A look at what’s weird in theaters, on hot-off-the-presses DVDs, and on more distant horizons…

Trailers of new release movies are generally available on the official site links.


Bunraku (2010): A cowboy and a samurai team up to battle evil in this alternate reality actioner starring Josh Hartnett, Woody Harrelson (as a mystical bartender), Ron Perlman and Demi Moore.  The setup and cast are intriguing, but reviewers warn that it’s style over substance.  Bunraku official site.

My Joy (2010): A Ukrainian truck driver begins his day trying to make a delivery, runs into absurd bureaucracy and corruption, and ends up trapped in a strange timeless village.  Critical response has been favorable.  Opens in New York with only a few dates across the country to follow.  My Joy official site (US).

Take Shelter: Michael Shannon plays a crazy guy (daring casting, that) whose dreams of impending tempests are so lifelike that he cashes in his savings to build an elaborate storm shelter.  Fresh off a successful festival run, Jeff (Shotgun Stories) Nicholls second feature opens in New York and Los Angeles this week, and has a full card of future dates across the country (thanks to being picked up by Sony Classics).  Take Shelter official site.

Tucker & Dale vs. Evil: Not so weird, but noteworthy: a horror movie/slasher spoof where the loner hillbillies in the middle of nowhere actually don’t want to carve up the hot collegians on spring break with chainsaws—though they’d have a hard time convincing anyone of their beneficence.  This independent Canadian production is getting fine reviews and somewhat predictable comparisons to Shaun of the DeadTucker & Dale vs. Evil official site.


7 Faces of Dr. Lao (1964):  Tony Randall plays eight (or is it nine?) different roles (mostly mythological characters like Pan and the Abominable Snowman) in this fantasy about a magical circus that comes to a Western town.  This is in our reader-suggested review queue.  It’s being re-released on DVD-R by Warner Archives, rather than in a nice new edition, unfortunately. Buy 7 Faces of Dr. Lao.

Baby Jane? (2010):  Remember the catty camp classic Whatever Happened to Baby Jane?  Well, here’s a (nearly shot for shot?) remake.  The gimmick?  Joan Crawford’s and Bette Davis’ roles go to female impersonators. Buy Baby Jane?

The Butcher, the Chef and the Swordsman (2010): Heavily stylized Chinese action comedy about a mythical blade that is melted down and made into a kitchen knife, and passes down through three different owners. Could this be a slight stirring in the crazy corpse of the Hong Kong New Wave we detect? Buy The Butcher, the Chef, and the Swordsman.

Heathers (1988):  The hilarious cult black comedy about wholesale slaughter in high school, starring Wynona Ryder and Christian Slater.  The good news is that Heathers was, surprisingly, out of print.  The bad news is that this re-issue comes from Image Entertainment, who are known for releasing cheap bare-bones DVDs from substandard prints.  There are no reports on any extras, which suggests there are none.  A true fan might go looking for a used copy of the 20th High School Reunion Edition; this cheap release is aimed at casual fans and bargain hunters. Buy Heathers.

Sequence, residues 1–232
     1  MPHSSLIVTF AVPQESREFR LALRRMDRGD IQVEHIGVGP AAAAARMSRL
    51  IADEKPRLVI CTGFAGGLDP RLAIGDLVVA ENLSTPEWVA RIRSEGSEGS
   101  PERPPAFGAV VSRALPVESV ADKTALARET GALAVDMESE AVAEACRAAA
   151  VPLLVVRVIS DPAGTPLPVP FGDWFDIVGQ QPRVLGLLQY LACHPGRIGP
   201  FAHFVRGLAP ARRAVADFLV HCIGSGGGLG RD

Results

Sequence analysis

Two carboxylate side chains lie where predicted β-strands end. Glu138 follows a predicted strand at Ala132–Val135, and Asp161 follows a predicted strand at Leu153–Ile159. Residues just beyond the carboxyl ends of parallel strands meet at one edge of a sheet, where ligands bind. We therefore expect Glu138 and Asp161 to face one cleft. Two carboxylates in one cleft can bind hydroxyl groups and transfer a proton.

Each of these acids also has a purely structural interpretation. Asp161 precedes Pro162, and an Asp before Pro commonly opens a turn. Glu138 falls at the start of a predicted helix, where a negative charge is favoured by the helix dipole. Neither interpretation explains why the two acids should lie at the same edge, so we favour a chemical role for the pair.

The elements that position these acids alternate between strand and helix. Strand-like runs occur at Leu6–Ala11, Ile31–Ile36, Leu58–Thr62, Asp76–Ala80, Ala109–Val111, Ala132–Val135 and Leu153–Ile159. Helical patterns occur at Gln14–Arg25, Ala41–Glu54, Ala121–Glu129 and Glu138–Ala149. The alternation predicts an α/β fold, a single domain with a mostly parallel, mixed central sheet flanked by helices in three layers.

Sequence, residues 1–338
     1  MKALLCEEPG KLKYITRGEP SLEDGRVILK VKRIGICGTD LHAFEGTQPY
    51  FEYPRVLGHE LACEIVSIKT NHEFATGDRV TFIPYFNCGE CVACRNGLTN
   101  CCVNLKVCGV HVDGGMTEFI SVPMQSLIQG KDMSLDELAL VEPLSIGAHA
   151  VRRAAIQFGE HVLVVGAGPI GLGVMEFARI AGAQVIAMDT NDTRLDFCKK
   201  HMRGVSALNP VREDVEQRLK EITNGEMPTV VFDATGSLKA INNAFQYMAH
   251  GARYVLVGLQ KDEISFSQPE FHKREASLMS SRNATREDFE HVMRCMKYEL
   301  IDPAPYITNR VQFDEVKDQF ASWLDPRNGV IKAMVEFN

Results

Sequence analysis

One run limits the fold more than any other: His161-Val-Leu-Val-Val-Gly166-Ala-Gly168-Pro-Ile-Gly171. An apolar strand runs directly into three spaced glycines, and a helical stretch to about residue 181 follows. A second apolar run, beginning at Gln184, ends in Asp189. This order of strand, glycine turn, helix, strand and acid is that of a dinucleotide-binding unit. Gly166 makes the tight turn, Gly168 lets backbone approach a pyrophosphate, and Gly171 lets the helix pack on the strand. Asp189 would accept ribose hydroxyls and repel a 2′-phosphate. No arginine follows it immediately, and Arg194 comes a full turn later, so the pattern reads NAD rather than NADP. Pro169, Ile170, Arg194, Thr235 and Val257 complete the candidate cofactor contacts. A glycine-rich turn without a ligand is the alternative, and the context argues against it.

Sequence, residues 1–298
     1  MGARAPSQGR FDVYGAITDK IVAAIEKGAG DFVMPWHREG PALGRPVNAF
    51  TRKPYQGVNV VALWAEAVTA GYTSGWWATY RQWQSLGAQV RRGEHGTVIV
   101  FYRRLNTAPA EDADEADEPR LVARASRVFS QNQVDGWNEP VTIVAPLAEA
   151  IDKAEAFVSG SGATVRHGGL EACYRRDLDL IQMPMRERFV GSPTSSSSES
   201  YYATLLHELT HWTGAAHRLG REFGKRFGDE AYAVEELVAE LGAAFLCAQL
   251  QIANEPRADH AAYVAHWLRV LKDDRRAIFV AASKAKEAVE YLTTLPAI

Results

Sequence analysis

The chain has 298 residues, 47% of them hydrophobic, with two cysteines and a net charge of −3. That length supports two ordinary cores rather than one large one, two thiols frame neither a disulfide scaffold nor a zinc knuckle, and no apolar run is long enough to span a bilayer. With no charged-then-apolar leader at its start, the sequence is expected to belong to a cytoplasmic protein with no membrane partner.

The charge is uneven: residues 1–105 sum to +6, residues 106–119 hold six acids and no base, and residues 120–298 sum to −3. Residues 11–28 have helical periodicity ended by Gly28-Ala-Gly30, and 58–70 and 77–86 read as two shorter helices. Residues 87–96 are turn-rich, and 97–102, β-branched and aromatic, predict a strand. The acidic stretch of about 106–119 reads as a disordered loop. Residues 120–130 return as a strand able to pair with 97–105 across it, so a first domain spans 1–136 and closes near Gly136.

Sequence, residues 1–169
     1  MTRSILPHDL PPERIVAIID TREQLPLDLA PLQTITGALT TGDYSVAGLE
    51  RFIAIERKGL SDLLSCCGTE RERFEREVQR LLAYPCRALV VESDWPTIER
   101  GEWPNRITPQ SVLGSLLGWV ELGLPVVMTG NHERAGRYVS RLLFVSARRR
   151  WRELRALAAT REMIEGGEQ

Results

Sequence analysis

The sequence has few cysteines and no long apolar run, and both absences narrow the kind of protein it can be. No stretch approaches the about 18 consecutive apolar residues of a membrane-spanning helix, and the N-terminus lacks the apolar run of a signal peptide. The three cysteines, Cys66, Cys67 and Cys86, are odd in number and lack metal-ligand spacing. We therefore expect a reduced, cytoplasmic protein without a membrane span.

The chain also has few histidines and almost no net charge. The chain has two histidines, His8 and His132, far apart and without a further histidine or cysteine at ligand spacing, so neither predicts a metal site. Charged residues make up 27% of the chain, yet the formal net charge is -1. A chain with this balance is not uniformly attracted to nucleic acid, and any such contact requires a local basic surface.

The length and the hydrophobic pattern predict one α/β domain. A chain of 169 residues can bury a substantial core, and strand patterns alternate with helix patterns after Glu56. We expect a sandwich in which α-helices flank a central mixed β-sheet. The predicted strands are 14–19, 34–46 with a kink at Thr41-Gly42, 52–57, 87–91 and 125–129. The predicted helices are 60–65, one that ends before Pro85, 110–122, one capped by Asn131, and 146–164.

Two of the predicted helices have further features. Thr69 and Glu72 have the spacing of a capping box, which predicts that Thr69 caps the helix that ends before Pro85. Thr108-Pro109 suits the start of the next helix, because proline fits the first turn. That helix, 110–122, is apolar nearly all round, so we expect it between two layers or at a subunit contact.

Herschell Gordon Lewis: Godfather of Gore (2010): The title says it all.  Cool folks like John Waters, Joe Bob Briggs, and Frank Henenlotter are interviewed on the Blood Feast auteur’s impact on the sleaze scene.  From Something Weird video by way of Image Entertainment. Buy Herschell Gordon Lewis: Godfather of Gore.

Maximum Shame (2010): From Carlos Atanes comes a release described as a “apocalyptic fetish horror musical chess sci-fi weird underground feature movie.”  Surprisingly, that description is completely accurate.  We’ll have a review of this coming shortly.  Available on DVD-R only. Buy Maximum Shame.

Riki-Oh: The Story of Ricky (1991): A man with superhuman strength is sent to jail for avenging the rape of his girlfriend, and once there system pushes him too hard and he must rip out his tormentors’ intestines.  Tokyo Shock originally released this insane gore spectacle in 2000; no word on whether there are any upgrades this time, or if they’re just reissuing it with new cover art to capitalize on the film’s Blu-ray debut in two weeks.  Buy Riki-Oh: The Story of Ricky.


Basket Case (1982): Read our capsule review!  This strange, scratchy grindhouse monster flick doesn’t seem like it would benefit from high definition, but here it is anyway.  The abundant special features all appear to be ported over from Something Weird’s previous DVD release. Buy Basket Case [Blu-ray].

“The Blood Trilogy”:  ‘ foundational gore films on one disc: the ridiculous Blood Feast (1963), the extremely nasty Two Thousand Maniacs (1964), and also-ran Color Me Blood Red (1965). Another entry in the new Something Weird/Image Entertainment partnership. Buy “The Blood Trilogy” [Blu-ray].

Heathers (1988): See description in DVD above. Buy Heathers [Blu-ray].


Southland Tales (2006):  Read our capsule reviewRichard Kelly‘s notoriously confusing (many say botched) speculative satire is now up to help you blow your mind for free.  Watch Southland Tales free on YouTube.

What are you looking forward to? If you have any weird movie leads that I have overlooked, feel free to leave them in the COMMENTS section.

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